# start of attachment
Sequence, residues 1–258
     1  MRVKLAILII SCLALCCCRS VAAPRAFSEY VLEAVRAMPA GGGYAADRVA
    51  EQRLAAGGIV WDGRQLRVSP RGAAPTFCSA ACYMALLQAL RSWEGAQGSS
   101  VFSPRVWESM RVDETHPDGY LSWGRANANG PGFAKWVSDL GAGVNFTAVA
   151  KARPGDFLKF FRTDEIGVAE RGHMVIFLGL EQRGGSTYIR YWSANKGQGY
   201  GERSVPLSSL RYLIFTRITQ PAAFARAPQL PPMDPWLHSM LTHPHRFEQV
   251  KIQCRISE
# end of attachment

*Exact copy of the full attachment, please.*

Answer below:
Sequence, residues 1–258
     1  MRVKLAILII SCLALCCCRS VAAPRAFSEY VLEAVRAMPA GGGYAADRVA
    51  EQRLAAGGIV WDGRQLRVSP RGAAPTFCSA ACYMALLQAL RSWEGAQGSS
   101  VFSPRVWESM RVDETHPDGY LSWGRANANG PGFAKWVSDL GAGVNFTAVA
   151  KARPGDFLKF FRTDEIGVAE RGHMVIFLGL EQRGGSTYIR YWSANKGQGY
   201  GERSVPLSSL RYLIFTRITQ PAAFARAPQL PPMDPWLHSM LTHPHRFEQV
   251  KIQCRISE